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Ford’s secret subway deal - NOW Toronto

February 29, 2012
Ben Spurr
NOW Toronto


In a move that further confuses Toronto’s already muddled transit debate, Rob Ford announced Wednesday that he has reached an agreement in principle with private sector developers to go forward with a Sheppard subway.

But he has still has no clear plan to pay for it, and there’s little indication he’ll bring one forward before transit on Sheppard goes to a vote in two weeks time.

As TTC chair Karen Stintz presided over a meeting of the TTC board Wednesday, across the rotunda in the mayor’s office Ford was discussing underground rail with twenty prominent developers and TTC vice-chair Peter Milczyn. Stintz, who led a council revolt against the mayor's subway plans earlier this month, said Ford informed her of  the gathering but she told him she couldn't attend.

Ford emerged from that closed door meeting trumpeting good news for his subway plan.

“Like we’ve always been saying, this is very do-able and affordable to build the Sheppard subway,” the mayor said. “As a united group they came out and said ‘we want subways in this city, you’re on the right path, and we can afford it.’”

Councillor Michael Thompson, chair of the economic development committee, also sat in on the meeting, which included representatives from the Toronto Board of Trade and Build Toronto. Thompson said that he was encouraged by what he heard.

“What we’re hearing from the industry today is they’d like the opportunity to have the time to provide the mayor with some additional insight,” he said.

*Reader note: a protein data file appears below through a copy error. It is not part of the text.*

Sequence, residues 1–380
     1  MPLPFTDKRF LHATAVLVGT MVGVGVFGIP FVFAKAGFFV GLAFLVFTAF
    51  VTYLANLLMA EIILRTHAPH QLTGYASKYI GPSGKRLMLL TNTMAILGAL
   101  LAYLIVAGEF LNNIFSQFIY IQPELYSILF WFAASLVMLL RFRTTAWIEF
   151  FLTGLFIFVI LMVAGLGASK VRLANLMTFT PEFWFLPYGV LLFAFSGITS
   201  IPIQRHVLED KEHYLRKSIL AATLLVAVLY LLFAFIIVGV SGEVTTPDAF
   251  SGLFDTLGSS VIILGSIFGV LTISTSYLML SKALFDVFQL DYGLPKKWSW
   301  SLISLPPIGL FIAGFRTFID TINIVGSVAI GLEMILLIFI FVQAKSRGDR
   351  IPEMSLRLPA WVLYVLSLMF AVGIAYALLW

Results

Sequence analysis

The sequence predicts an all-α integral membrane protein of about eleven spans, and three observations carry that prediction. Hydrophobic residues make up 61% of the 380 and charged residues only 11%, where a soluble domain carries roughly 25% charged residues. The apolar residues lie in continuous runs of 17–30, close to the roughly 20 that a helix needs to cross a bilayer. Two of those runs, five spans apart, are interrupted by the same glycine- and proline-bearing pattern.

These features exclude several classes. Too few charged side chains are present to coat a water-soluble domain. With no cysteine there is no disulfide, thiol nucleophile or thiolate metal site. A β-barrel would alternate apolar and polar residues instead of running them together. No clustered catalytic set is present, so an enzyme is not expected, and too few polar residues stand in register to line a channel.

But with the mayor facing defeat at the crucial council vote on Sheppard scheduled for March 15, Ford’s critics accused him of stalling and trying to detract from the recommendations of an expert panel council appointed earlier this month. That panel is expected to recommend surface rail for Sheppard, and Ford has refused to acknowledge it.

“I see this as nothing more than a delay tactic,” said Jamie Kirkpatrick of advocacy group TTCRiders. “I think Toronotonians want transit now. I don’t think whatever just happened here is going to deliver transit any sooner.”

Councillor Joe Mihevc dismissed the mayor’s meeting as “smoke and mirrors.”

“The time for spin is over. The time for fact based, evidence based decision making has to begin,” he said.

Despite the mayor’s optimistic pronouncements, Councillor Milczyn confirmed that during the meeting developers made no firm commitment to fund a subway line. The TTC vice-chair argued that even if they had, the city would still need to create new revenue tools to raise the required money.

“We have to look at this notion that development will build subways,” he said. “We know it won’t.”

The mayor recently opened the door to a parking levy that he says could raise $90 million a year towards a subway, and some of his allies have voiced support for a new sales tax to fund his plans. But any new taxes would be a tough sell for a mayor who rode into office on a promise to eliminate revenue sources like the vehicle registration tax.

Ford hinted that new revenue sources were discussed with developers, but wouldn’t reveal specifics.

“We’re not going to get into all the minor discussion,” he told reporters. “They’re on board, that’s the most important thing.”

As originally posted here: http://www.nowtoronto.com/daily/news/story.cfm?content=185459

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